We get that information out onto the virtual (or real/actual) shelf to be found by the user.  We index, evaluate, weed.  We keep the real machines (and lights) running and also the website or information portals.

We get the call at 2:00am when the machines wink out.  We get to contact the publisher(s) to report – and resolve – problems with digital access or missing subscriptions.

In the library of 2010, “we” represent the experienced staff who instruct, demonstrate and train those who ask about what (of many) resources to search, how to search these to retrieve relevant information.

We ask our users to consider the relevancy of their retrievals, and if needed, to begin the process again using other literature sources (that “we” suggest).

Once information that is deemed “good” by the user has been found (because we don’t decide that… the user does!), we select and provide software and instruction to effectively manage the accumulating output of these searches.

The “it” and the “we” are not services that will ever be provided by a quick search on Google (or Google Scholar).

The “We” can teach practically anyone to search effectively and competently on PubMed in under an hour and that is a point of pride among our profession, whether the particular we is a health science librarian in Seattle, Cleveland, Munich or Mexico City.

We provide the person-to-person answer for those questions.  While machines are essential to the work of the academic-research libraries, for now only humans can complete the educational role.

In spite of free search engines, open access journals, tons of virtual points of access to content or social-networking opportunities, the services and collections provided by a formal academic health science library (and staff) remain integral to the pursuit of scientific research.

This discussion is Part 1… other threads in the mix will be followed up in Part 2 (TBA later this week).

Please let me know what you think.


As to non-library predictions for the coming year, this article from the Dec 29 2009 Wall Street Journal (digital edition) examines a few controversial ideas from a Russian professor, Igor Panarin, about the future of the United States.  The content is available (at no cost) at: http://online.wsj.com/article/SB123051100709638419.html


* As a former Californian and resident of San Francisco, where The Big Quake hit on April 18-23, 1906, I’ll verify that it is unsettling to live in earthquake country.  Here is a link to an eyewitness account of that disaster written by Dr. George Blumer, among many other descriptions of events written by those who lived through it, posted on The Virtual Museum of  the City of San Francisco site. Bay Area public health officials continually prepare their rescue personnel (and citizens) for future earthquakes by practicing a staged mock-disaster each year.  Also see public service/public health promotion and emergency preparedness tips at: http://72hours.org/.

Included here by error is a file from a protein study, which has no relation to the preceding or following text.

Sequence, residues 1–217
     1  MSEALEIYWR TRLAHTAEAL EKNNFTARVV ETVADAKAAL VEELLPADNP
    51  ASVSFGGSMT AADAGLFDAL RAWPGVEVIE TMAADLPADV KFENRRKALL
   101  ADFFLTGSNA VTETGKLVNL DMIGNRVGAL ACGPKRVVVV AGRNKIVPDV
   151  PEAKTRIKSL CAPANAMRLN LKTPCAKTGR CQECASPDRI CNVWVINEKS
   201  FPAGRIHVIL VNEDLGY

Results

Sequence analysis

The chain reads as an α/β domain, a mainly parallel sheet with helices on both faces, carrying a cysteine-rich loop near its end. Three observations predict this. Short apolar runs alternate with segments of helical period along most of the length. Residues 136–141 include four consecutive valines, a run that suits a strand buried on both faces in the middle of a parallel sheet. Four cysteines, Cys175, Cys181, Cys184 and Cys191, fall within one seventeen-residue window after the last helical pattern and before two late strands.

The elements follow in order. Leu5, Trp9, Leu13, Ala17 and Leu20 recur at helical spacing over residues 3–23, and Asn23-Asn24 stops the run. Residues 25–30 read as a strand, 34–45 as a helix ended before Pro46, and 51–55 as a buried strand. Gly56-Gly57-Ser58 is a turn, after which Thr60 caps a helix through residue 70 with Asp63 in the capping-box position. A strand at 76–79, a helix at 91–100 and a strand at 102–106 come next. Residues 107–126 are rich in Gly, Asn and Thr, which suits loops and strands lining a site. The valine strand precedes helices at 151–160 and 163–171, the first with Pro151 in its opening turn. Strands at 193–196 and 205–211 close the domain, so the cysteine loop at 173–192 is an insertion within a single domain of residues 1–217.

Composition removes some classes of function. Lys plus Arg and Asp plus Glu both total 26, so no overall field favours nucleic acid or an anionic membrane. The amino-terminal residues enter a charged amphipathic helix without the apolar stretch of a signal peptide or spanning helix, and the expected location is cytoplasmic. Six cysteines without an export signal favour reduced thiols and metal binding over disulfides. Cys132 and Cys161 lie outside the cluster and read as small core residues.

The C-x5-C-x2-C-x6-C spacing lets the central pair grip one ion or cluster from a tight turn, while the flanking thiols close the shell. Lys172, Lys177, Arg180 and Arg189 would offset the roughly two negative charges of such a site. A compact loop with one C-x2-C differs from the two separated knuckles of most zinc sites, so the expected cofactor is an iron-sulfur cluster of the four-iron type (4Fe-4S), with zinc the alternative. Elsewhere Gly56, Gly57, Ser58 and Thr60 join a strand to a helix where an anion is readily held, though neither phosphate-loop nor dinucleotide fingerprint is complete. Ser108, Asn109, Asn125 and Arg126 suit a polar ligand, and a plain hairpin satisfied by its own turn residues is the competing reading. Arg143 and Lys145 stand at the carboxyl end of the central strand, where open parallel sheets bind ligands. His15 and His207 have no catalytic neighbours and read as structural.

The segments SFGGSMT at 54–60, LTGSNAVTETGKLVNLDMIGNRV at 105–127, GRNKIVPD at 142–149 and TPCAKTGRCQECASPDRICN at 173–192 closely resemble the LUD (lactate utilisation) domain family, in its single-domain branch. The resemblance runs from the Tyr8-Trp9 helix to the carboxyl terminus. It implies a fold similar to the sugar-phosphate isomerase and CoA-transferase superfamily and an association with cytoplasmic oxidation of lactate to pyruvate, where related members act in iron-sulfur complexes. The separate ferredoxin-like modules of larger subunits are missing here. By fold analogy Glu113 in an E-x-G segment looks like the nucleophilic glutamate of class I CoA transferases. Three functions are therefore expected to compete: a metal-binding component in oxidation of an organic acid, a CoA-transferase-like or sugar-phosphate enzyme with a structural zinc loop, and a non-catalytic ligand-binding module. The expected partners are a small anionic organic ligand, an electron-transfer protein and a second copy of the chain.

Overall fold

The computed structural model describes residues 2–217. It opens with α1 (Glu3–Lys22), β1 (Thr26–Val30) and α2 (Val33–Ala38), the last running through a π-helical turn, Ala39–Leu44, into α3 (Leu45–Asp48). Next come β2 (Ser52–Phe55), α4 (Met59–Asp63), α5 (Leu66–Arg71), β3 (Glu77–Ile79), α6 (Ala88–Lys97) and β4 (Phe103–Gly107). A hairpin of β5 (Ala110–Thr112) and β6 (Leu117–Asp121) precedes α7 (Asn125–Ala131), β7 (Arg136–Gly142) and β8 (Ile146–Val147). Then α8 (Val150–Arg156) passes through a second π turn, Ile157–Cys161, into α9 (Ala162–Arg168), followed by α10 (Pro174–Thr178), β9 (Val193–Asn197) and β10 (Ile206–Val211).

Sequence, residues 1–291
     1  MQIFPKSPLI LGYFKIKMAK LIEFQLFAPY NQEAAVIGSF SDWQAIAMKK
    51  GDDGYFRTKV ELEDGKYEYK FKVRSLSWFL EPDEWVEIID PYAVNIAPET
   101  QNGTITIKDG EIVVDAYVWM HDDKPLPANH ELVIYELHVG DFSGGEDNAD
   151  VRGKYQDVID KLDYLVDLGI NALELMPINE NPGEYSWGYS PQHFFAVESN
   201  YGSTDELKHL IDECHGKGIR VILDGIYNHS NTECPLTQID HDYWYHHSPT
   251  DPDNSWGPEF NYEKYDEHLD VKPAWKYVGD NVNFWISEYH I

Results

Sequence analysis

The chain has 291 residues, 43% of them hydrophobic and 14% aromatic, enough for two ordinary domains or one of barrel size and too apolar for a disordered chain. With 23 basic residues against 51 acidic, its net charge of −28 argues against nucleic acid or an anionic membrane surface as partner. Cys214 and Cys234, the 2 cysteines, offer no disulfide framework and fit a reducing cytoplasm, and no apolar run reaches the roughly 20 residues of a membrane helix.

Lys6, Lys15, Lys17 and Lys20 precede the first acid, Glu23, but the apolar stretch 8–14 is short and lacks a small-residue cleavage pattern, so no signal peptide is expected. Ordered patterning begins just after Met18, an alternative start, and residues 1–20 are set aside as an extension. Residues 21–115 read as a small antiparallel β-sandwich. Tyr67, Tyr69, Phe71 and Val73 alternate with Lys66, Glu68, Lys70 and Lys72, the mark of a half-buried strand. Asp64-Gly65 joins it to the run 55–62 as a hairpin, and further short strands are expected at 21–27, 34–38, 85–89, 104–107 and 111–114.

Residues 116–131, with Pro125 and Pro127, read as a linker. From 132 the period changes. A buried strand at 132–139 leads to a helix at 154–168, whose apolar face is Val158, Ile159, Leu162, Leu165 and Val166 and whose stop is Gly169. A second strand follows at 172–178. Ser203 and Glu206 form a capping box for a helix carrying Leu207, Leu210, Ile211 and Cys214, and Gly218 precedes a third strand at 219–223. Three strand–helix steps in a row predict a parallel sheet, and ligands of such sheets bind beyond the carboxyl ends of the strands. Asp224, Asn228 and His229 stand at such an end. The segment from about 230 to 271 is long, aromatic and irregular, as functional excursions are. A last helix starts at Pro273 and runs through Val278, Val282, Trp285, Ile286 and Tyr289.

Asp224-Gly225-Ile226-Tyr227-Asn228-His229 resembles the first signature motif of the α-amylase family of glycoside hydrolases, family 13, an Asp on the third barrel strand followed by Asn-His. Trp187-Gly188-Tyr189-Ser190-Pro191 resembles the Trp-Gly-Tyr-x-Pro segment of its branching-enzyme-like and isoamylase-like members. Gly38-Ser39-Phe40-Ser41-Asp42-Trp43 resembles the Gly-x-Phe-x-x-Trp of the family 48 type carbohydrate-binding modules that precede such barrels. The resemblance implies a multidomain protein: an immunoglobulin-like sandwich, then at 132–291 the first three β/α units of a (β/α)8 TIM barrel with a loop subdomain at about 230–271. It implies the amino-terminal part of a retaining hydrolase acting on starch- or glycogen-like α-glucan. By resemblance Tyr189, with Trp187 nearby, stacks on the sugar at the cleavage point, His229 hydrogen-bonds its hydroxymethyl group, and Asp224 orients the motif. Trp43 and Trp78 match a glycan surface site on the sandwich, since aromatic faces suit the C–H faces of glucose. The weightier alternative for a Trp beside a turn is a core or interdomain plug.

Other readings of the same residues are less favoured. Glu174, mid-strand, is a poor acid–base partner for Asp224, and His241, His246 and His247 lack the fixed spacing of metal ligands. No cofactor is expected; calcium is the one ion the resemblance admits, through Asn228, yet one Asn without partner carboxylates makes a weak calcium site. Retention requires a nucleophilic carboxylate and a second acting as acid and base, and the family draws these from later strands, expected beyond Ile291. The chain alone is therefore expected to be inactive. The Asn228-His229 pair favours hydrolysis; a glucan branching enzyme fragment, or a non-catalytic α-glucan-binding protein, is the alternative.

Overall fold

News, Medical Research, UCHC Faculty: Immune Levels + Holiday Stress? Not Beneficial

If you ever thought the stress of seeing your extended family over the holidays was slowly killing you—the bad news: a new research report in the December 2009 print issue of Journal of Leukocyte Biology shows that you might be right. Here’s the good news: results from the same study might lead to entirely new treatments that help keep autoimmune diseases like lupus, arthritis, and eczema under control. “

Text credit: Press Release from Eurekalert (Nov 30 2009)


Recently published research by scientists from UCHC examine the effects of psychological stress on the human immune system.  The paper was published this month in the Journal of Leukocyte Biolology – Vol. 86: 1275 (Dec 2009); the abstract is available to read here: http://www.jleukbio.org/cgi/content/abstract/86/6/1275.

The citation found on PubMed can be viewed here.

News, Scientific Literature, Bioinformatics, Search Technologies: MedlineRanker

Anyone who works with geneticists and biomedical researchers already knows that learning the language of their science is daunting for a non-scientist to understand. This international community has developed dozens of highly specific databases, data-mining software and cooperative, collective digital libraries for their own use.  In an approximate sense, one could even imagine the mapping of the human genome as one vast wiki.  Clinical care follows the translational research of these investigators.

This month in Nucleic Acids Research, Volume 37-July 1 2009, the Supplement 2: Web Server issue was published, described by Oxford University Press as:

“…the seventh in a series of annual special issues dedicated to web-based software resources for analysis and visualization of molecular biology data. The present issue reports on 112 web servers with a special emphasis on metagenomics, molecular network and pathway analysis, and biological text mining”..